Some areas where greater cooperation and interoperability will add value are readily identifiable. There is a deal of compatibility in strategic logistic support and maritime surveillance, but further interoperability will enhance both deployability and greater regional security.  For instance, in their statement on 30 September both Ministers emphasised that there will be a review of the airlift agreement to ensure that there is an effective joint ANZAC airlift capability.
 
Whilst Australia has 24 C-130 Hercules and four huge C-17 Galaxies, New Zealand’s five C-130s (currently undergoing a significant life extension refit) and the two recently converted multi – configured B-757s provide worthwhile additional capability. In future it has been affirmed that ANZAC acquisition processes will be coordinated wherever possible; the operating elements of both defence forces can benefit from shared procurement, support and capability development arrangements. Whilst the size of the new force is yet to be determined, and raising an actual, bilaterally-manned ANZAC unit might make a politically potent statement, it would appear more practical to establish an enduring rotational commitment model – similar in some respects to Europe’s Allied Rapid Reaction Corps.  Though in some ways more complicated, this would allow broader exposure to Trans-Tasman interoperability, and establish more personal-level linkages.
 
Given the greater suitability of a rotational model, any future ANZAC force would most likely have a predominance of army elements. Whilst it is clear that air and naval force elements are pivotal, nevertheless these elements can more easily achieve necessary levels of interoperability through sustained training and exercises, rather than needing to be home-ported together.  The same cannot be said for land forces, which because of their environment and their way of operating, demand a far greater degree of intimacy at all levels of command and operation.   More importantly, a visibly two-nation land force poses a starker message of common resolve.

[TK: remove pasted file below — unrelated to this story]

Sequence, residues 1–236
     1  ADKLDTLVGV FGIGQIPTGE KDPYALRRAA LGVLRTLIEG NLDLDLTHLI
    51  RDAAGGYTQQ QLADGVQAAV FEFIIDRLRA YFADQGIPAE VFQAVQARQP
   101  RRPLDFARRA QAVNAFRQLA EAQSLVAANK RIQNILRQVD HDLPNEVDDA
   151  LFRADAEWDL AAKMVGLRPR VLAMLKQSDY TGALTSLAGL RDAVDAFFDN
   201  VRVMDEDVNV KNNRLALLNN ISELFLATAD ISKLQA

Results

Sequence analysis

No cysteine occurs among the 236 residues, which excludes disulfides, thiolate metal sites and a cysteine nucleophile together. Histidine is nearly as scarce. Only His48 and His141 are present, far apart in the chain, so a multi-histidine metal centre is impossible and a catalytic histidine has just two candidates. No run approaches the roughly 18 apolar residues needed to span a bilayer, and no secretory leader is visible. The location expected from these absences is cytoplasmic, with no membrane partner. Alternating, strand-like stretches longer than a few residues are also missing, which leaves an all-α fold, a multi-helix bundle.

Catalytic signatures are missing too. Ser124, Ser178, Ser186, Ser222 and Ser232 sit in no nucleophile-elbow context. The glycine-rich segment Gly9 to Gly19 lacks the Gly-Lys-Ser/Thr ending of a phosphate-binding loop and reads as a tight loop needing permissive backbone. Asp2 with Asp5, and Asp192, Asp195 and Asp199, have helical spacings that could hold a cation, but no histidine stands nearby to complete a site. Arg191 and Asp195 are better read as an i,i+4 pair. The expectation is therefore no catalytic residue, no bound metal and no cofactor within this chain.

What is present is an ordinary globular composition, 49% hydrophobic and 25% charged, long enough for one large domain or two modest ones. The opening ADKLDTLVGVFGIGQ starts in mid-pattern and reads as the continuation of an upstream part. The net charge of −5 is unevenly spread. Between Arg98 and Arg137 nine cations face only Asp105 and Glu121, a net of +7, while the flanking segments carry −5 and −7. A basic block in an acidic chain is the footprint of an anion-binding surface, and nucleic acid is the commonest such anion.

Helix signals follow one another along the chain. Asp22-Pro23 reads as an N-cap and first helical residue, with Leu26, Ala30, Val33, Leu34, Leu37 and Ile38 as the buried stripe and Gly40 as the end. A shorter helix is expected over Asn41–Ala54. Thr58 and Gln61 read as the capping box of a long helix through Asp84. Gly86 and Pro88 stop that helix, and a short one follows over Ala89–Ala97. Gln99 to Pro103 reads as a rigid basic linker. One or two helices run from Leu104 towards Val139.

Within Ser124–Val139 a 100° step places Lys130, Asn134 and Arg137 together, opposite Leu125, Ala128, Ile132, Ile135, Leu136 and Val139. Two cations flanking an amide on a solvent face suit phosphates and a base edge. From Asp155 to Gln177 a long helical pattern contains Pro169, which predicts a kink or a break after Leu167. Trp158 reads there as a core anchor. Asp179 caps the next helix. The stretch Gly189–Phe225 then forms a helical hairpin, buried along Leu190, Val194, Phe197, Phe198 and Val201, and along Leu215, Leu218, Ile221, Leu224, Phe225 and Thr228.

Like any standing ready group, a future ANZAC force would need to be agile, and readily configured for whatever style of mission and degree of threat to which it would be committed.  First, this means certain levels of force protection and mobility to ensure success.  Second, the force would need vital offensive support and information collection assets, capable of strategic feeds equally to Canberra as to Wellington.  Third, the force would need to be of a size that is both practical and appropriately balanced, with both manoeuvre elements (most likely infantry) and with supporting arms and services.  It would need to be able to operate on its own and make a difference, but not be so large as to eviscerate the Australian Army and Ngati Tumatauenga (New Zealand Army).  Fourth, it would need to be well-equipped with transport and logistic support – both to get to and from a trouble spot or disaster area and when it is operating on the ground.
 
Finally, a ‘seamless’ future ANZAC force would need to be accompanied by field elements of all the other government agencies and departments required to deliver a comprehensive response to the security challenge at hand.  This would mean MFAT, DFAT, federal police, AusAID and NZAID agents as well as others – even private sector and non-government entities; but it also reinforces the rationale for the type of command and coordination needed.  Such a force would be bereft without a form of multi-lateral and multi-agency command and coordination arrangement typified by the Special Coordinator role set up for the Regional Assistance Mission – Solomon Islands (RAMSI) in 2003.
 
A future ANZAC force concept holds many practical Trans-Tasman advantages.  However, its viability will depend on both Governments realistically considering the bounds of its employment, and ensuring its characteristics are designed to be able to support our common national interests in the widest array of challenges.
 
Doctor Peter Greener is Senior Fellow at the Command and Staff College, New Zealand Defence Force, Trentham, Wellington.  He has recently published Timing is Everything – The Politics and Processes of New Zealand Defence Acquisition Decision Making Processes. Lieutenant Colonel Nick Floyd is the Chief of Army’s Visiting Fellow at the Lowy Institute for International Policy, Sydney, and is the author of How Defence can contribute to Australia’s national security strategy.